The quiet, highly technical work of structural engineers and building inspectors has entered the spotlight after the sudden collapse late last week of Champlain Towers South, a 12-story beachfront condo in Surfside, Florida. As of Thursday evening, intensive search and rescue efforts had recovered 18 bodies from the site, just north of Miami Beach. Some 145 more people remain missing.
“You don’t see buildings falling down in America,” Surfside mayor Charles Burkett told reporters last week. While that’s not entirely true — collapses have occurred before, including a 1974 disaster in downtown Miami — the rare catastrophe has led to extensive discussion about what went wrong, and mobilized engineering experts to evaluate possible next steps.
Champlain Towers was built in 1981 during a boom in condominium construction. A recent inspection had shown substantial damage, including “abundant cracking” and crumbling in concrete columns and beams, and water damage to a concrete slab located in the lower part of the condominium. But the report did not suggest an imminent collapse.
People have proposed a range of theories for the disaster, including the corrosive effects of saltwater on the building’s materials, and a sinkhole opening beneath the structure. Sea level rise, caused by climate change, currently threatens many communities on Florida’s coastlines. But any connection between encroaching seawater and the tragedy in Surfside — while possible — appears to be mostly speculation at this point.
On Wednesday, the National Institute of Standards and Technology, a federal government research laboratory, that, among many other roles, develops building and construction standards, announced “a full technical investigation” into the causes of the collapse. The probe, which could take years, may also yield recommendations for changes to building codes and practices.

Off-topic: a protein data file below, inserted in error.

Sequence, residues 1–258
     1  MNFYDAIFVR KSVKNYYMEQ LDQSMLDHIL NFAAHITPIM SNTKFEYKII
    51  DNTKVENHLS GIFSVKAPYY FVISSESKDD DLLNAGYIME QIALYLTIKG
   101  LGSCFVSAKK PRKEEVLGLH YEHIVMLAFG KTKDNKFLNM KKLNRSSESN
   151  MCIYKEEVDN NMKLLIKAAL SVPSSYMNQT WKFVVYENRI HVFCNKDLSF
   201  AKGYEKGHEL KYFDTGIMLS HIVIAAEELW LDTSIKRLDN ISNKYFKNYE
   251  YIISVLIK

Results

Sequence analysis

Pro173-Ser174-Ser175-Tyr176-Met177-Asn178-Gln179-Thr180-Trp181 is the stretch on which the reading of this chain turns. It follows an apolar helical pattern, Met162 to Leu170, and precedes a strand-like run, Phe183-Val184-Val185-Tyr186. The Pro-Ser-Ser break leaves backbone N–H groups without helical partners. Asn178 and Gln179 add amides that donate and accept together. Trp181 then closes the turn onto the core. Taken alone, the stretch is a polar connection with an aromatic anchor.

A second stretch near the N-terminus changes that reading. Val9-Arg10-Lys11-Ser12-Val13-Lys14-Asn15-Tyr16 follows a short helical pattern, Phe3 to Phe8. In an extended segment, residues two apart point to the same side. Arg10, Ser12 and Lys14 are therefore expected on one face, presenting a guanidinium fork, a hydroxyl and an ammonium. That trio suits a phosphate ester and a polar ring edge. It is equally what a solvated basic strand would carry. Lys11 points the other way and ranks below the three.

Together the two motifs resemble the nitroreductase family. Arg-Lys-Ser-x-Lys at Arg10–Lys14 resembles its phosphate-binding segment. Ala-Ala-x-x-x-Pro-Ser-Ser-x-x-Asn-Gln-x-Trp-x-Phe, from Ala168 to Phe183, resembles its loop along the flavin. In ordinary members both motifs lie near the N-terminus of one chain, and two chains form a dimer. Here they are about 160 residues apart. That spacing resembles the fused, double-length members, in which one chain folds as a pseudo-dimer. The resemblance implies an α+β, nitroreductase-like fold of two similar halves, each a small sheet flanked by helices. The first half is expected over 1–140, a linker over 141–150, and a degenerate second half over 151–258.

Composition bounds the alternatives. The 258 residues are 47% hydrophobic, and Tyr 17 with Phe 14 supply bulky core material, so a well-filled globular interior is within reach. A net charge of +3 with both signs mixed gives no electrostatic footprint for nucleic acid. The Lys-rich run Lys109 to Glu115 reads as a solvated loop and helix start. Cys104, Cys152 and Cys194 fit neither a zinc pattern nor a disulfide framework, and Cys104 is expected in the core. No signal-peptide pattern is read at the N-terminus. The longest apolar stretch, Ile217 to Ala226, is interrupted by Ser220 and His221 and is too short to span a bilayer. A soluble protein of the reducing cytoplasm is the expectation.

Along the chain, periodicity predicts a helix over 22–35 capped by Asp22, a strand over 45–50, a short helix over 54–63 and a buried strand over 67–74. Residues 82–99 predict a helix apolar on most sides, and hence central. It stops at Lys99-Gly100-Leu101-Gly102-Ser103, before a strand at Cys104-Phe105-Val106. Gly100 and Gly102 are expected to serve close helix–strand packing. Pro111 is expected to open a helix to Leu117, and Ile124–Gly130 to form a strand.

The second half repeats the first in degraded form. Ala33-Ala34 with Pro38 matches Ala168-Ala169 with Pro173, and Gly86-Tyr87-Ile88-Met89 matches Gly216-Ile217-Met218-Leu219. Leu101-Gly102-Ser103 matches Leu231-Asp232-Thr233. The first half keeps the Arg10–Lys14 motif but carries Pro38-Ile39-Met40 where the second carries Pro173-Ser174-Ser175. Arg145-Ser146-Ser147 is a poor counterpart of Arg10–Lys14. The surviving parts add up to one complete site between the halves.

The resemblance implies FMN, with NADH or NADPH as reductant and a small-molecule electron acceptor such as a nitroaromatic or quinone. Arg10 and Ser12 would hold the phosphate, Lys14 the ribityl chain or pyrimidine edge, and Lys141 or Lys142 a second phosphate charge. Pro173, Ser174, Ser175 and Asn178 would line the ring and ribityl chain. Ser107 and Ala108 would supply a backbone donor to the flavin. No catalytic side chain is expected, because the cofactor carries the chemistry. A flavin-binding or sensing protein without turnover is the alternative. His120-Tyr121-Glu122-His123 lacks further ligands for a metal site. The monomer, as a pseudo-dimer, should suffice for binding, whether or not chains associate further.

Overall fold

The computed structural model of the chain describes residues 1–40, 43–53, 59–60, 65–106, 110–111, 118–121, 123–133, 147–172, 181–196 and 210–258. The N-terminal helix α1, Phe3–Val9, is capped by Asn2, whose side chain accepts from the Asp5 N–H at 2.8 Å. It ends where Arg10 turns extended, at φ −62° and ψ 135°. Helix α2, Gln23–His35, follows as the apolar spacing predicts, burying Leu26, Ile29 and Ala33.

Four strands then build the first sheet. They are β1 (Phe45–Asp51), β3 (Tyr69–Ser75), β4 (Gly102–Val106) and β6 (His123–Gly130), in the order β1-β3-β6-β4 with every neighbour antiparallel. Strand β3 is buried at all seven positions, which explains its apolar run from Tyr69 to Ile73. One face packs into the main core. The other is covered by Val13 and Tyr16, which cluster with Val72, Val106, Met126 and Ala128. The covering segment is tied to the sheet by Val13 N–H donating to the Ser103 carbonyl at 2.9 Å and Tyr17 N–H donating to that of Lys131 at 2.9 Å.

“Buildings don’t fail frequently, and the field takes very seriously the need to learn when failures do happen,” said Benjamin Schafer, a structural engineer at Johns Hopkins University, in an interview with Scientific American this week. Already, Schafer said during the interview, the U.S. faces considerable engineering challenges, including updating aging infrastructure and preparing for the stresses of a changing climate on buildings.
For now, the causes of the specific collapse in Surfside remain murky — and at least one structural engineer urged patience as experts try to piece together the story. “You can have two buildings next to each other, one made a mistake in design and the other didn’t,” Atorod Azizinamini, the chair of Florida International University’s College of Engineering, told The Palm Beach Post after the collapse. “It’s natural for people to try to identify right away what happened, but that’s not the scientific approach.”
Also in the News:
• As the Delta variant of the coronavirus continues to spread throughout the globe, some public health officials are urging renewed caution. The highly contagious variant, which was first detected in India, now accounts for one in five infections in the U.S. While several studies have shown that current vaccines are effective against Delta, they seem to be less so than for other variants. The challenge of the new variant has caused some divisions among public health agencies: Last week, the World Health Organization reaffirmed its recommendation that everyone — included those who are fully vaccinated — should continue to wear masks indoors. Some local public health departments in the U.S. have followed suit. But the U.S. Centers for Disease Control and Prevention on Wednesday reaffirmed its guidance that in most cases, fully vaccinated people do not need to wear masks. Public health officials are united, though, in focusing their concern on the billions of people who remain unvaccinated. In the U.S., Anthony Fauci, head of the National Institute of Allergy and Infectious Diseases, recently warned of the possibility of “two Americas” as the gap between areas with high and low vaccination rates grows. Already in Australia, where just under 6 percent of the population is vaccinated, lockdown measures are returning. (The New York Times)